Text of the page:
The presence of one of international film’s hottest talents has given an air of glamour to this year’s Gothenburg Film Festival, showing that while the festival might have a niche reputation it has earned international respect.
This year’s festival has a Mexican feel to it with Motorcycle Diaries star Gael García Bernal DJ-ing to a crowd of adoring fans and movie buffs at the opening party.
Bernal was in Gothenburg to introduce his directorial debut film Deficit and gave two masterclasses – one on new talent, and one with partner Pablo Cruz on the film-making process.
“Bernal is a superstar. It was a one-man show. A lot of young Swedish film-makers were there and he gave them a great workshop,” said festival coordinator Andreas Degerhammar.
Gothenburg’s Mexican theme follows last year’s Oscar nods towards three of the country’s most prominent directors – Alfonso Cuarón (Children of Men), Alejandro Gonzáles Iñárritu (Babel) and Guillermo del Toro (Pan’s Labyrinth).
Bernal, having established himself as an international star actor with roles in movies such as Babel and The Science Of Sleep, is one of a number of bright new lights featured in the programme, which also includes showings of films by hotly-tipped young director Simon Bross, whose film Bad Habits is currently exciting more international interest, and Spanish-born auteur Luis Buñuel, whose classic 1950 movie Los Olviados will be shown on Friday.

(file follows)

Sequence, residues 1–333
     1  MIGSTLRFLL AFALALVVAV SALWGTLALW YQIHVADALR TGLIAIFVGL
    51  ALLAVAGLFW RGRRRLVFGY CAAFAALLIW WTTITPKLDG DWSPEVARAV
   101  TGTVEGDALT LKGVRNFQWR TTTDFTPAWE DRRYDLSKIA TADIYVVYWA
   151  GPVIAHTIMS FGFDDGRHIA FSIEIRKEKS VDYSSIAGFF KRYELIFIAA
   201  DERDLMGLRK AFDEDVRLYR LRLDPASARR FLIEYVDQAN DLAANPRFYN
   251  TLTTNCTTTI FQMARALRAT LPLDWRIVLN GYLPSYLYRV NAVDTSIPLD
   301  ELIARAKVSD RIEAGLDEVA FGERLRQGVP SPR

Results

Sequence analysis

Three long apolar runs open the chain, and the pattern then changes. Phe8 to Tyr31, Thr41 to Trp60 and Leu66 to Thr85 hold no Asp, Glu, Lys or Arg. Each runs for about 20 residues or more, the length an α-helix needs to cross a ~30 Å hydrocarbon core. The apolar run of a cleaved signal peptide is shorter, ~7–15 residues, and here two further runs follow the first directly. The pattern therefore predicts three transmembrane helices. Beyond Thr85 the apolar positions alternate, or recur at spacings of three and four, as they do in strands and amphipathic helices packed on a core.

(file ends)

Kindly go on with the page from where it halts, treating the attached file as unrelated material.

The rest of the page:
The festival organizers’ interest in Mexico was piqued by last year’s “Mexican affair” at the Oscars – following this, Degerhammar and his colleagues travelled to the Cannes, San Sebastian and Toronto film festivals to accumulate material for the Nya Mexico theme. Degerhammar said he wanted to explore the “real passion for Mexico” felt by the filmmakers.
Among the other Mexican highlights in Gothenburg are Born Without (Nacido Sin) and the native Raramuri-language movie Cochochi. While the films chosen vary greatly in theme and style, Degerhammar has been impressed by the united front presented by Mexican filmmakers:
“They were competing for such a long time, but finally they understood that promoting each other was the key to their success”.
But why are Swedes – and particularly Swedish filmmakers – so interested in film from Mexico? Degerhammer points out that both countries’ film industries are quite small – “everybody seems to know one another”. He also says that Mexican films are often characterized by magic realism and gritty social comment, which appeal to Scandinavian tastes.
Another source of the films’ appeal is the new light that they shed on a country only vaguely familiar to most Swedes:
“Watching movies strips away prejudices – you have a lot of ideas about Mexico. Some of the films show a very different country”.
The Gothenburg festival was established in 1979, and screens around 450 films every year.
The festival is not entirely dedicated to opening the public’s eyes to new international talent. The programme contains Nordic films and international blockbusters galore, alongside niche movies. For Degerhammar the most important thing the festival can offer is “a selection of small things that you can’t see anywhere else. That should be the core”.